Guardian Angels Fire Back at Rahm, Say Mayor Doesn't Know What Group Does
CHICAGO — The leader of Chicago's Guardian Angels fired back at Mayor Rahm Emanuel Thursday after the mayor suggested the group should escort kids to school rather than patrol the Magnificent Mile for muggers.
Miguel Fuentes, who heads Chicago's Guardian Angels, said it seemed Emanuel didn't know what his group did.
"When the mayor is telling the Guardian Angels and insinuating that the Guardian Angels should be in the neighborhoods working with the community and the police, it's stuff we've been doing for years," Fuentes said.
That came after the Guardian Angels began passing out flyers to shoppers on the Mag Mile warning of robberies and dubbing the ritzy stretch "Muggers Mile."
But Fuentes said his group did the vast majority of its work outside Downtown, which includes things like providing escorts in high-crime neighborhoods.
Although the group has no formal ties to the safe passage program, Fuentes said Guardian Angels escorted students to and from school in areas of North Lawndale and Roseland recently after students were attacked there.
"That's safe passage. We've been doing that for years," Fuentes said.
As for the Mag Mile, Fuentes said "little to none" of the group's resources were dedicated to the area, but the group wanted to warn residents to be aware of recent thefts and "wilding" incidents on Michigan Avenue, and to tell shoppers what they could do to protect themselves.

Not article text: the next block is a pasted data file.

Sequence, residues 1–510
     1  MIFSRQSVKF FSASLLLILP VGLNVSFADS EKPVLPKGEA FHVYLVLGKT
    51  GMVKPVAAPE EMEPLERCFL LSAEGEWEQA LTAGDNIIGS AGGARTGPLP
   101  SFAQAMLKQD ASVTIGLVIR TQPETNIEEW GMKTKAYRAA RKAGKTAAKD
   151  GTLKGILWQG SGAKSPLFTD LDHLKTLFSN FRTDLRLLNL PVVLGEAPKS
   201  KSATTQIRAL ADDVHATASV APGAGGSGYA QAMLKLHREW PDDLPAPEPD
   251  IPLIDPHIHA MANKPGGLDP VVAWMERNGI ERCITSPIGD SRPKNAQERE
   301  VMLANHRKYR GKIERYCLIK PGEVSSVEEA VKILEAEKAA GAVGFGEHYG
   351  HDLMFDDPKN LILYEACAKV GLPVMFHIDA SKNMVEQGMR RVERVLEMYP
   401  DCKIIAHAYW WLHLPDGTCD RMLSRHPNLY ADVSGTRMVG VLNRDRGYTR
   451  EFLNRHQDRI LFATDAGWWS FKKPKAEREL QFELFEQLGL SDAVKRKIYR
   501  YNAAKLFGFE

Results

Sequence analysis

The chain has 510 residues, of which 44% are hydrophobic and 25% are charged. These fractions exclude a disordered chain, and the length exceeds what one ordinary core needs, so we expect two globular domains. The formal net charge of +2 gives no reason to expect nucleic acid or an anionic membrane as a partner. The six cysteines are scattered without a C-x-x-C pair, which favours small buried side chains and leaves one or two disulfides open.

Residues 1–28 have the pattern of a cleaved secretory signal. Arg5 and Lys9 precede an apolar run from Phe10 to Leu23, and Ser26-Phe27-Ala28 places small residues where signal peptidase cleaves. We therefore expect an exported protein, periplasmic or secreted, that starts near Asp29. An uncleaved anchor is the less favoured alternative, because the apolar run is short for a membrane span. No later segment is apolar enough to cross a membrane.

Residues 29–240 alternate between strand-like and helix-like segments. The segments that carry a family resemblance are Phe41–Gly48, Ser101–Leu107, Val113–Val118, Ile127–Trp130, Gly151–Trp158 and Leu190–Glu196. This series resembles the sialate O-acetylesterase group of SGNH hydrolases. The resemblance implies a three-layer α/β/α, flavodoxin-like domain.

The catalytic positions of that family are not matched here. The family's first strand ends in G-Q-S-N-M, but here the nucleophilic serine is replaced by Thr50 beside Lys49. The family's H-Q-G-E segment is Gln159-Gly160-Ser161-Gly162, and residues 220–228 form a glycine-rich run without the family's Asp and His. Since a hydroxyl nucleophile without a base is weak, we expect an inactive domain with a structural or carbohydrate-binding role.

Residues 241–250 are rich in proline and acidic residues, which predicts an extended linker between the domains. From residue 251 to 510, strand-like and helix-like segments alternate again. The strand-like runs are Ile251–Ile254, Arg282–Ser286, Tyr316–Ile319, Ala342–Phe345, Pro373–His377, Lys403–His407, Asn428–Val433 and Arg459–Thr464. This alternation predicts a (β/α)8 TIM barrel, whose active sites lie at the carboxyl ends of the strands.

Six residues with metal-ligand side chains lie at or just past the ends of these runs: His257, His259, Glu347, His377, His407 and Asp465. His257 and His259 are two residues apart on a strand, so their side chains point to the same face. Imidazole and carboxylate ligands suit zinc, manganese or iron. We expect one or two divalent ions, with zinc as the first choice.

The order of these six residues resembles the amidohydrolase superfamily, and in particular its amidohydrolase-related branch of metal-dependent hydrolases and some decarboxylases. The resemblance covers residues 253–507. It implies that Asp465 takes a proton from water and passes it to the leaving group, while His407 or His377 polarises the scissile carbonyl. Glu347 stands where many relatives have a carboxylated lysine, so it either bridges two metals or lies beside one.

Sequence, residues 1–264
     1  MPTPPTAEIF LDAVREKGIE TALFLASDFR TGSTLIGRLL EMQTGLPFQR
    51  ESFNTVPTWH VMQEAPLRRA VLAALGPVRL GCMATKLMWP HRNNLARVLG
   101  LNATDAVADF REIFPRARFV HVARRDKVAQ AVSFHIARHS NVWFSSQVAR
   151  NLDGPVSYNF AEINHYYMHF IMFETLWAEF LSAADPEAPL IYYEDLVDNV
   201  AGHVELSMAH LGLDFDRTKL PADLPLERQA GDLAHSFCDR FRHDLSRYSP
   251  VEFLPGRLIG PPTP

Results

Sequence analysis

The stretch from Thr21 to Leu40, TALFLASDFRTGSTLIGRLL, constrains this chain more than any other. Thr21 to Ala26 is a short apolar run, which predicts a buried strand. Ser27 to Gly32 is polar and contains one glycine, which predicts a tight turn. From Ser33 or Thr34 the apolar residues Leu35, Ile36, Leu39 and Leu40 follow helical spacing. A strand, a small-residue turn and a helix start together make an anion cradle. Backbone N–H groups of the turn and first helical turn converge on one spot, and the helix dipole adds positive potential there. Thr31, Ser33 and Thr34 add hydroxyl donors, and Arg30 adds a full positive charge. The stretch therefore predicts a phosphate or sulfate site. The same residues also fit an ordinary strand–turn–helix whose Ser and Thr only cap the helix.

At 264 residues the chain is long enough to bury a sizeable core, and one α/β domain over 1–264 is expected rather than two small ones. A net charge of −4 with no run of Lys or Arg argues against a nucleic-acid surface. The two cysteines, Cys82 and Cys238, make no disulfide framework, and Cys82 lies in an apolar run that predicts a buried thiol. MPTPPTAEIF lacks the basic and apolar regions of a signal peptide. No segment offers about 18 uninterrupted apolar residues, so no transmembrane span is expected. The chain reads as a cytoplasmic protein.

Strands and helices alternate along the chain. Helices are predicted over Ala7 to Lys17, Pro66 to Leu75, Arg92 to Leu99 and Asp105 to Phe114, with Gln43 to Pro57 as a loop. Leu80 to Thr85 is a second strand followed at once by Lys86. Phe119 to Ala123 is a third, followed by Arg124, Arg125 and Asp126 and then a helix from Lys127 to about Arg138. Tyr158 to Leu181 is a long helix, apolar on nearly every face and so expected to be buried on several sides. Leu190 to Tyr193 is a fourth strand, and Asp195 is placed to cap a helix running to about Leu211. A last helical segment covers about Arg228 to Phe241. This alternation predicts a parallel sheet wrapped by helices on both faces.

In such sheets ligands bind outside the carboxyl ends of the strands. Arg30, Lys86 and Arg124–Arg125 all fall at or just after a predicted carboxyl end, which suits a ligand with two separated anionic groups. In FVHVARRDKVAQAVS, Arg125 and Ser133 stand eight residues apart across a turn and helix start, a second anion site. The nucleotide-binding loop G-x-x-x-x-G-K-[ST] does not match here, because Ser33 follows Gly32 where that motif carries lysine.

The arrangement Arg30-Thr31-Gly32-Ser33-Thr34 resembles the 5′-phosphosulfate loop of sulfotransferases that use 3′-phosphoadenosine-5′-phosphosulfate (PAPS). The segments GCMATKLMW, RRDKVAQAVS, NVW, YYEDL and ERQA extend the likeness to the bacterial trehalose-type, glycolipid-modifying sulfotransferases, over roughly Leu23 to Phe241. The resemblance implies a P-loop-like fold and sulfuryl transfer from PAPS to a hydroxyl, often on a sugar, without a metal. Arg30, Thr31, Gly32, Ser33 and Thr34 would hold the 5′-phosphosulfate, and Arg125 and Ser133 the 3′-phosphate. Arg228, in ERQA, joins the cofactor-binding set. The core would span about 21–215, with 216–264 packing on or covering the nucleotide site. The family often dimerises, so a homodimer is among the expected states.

At a news conference Wednesday, Emanuel said police have the area under control.
"I think the Guardian Angels are interested in safety and security," Emanuel said Wednesday. "There's a lot of areas in the city where they can work in partnership" with police.
But the group argues it already works in partnership with police and the community. Fuentes pointed to a recent arrest made in a Humboldt Park sexual assault. He said a tip from the Guardian Angels led to the arrest.
Founded in New York City, the group expanded to Chicago with the original purpose to protect riders on CTA "L" trains but has since expanded its mission to patrol other public areas.
Chicago's chapter, founded in 1981, has about 50 members, Fuentes said.
Fuentes said maybe Emanuel's comments were misunderstood, but if the mayor actually meant what he said, Fuentes invited Emanuel to "wear the red beret and the T-shirt" and go on patrol and find out exactly what the Guardian Angels did.
Fuentes said he had not heard from the Fifth Floor of City Hall as of Thursday morning but said the offer was always on the table.
"The invitation's always there," he said. "Whether he does it today or 10 years from now, even when he's not the mayor, he's welcome to come out on patrol with us."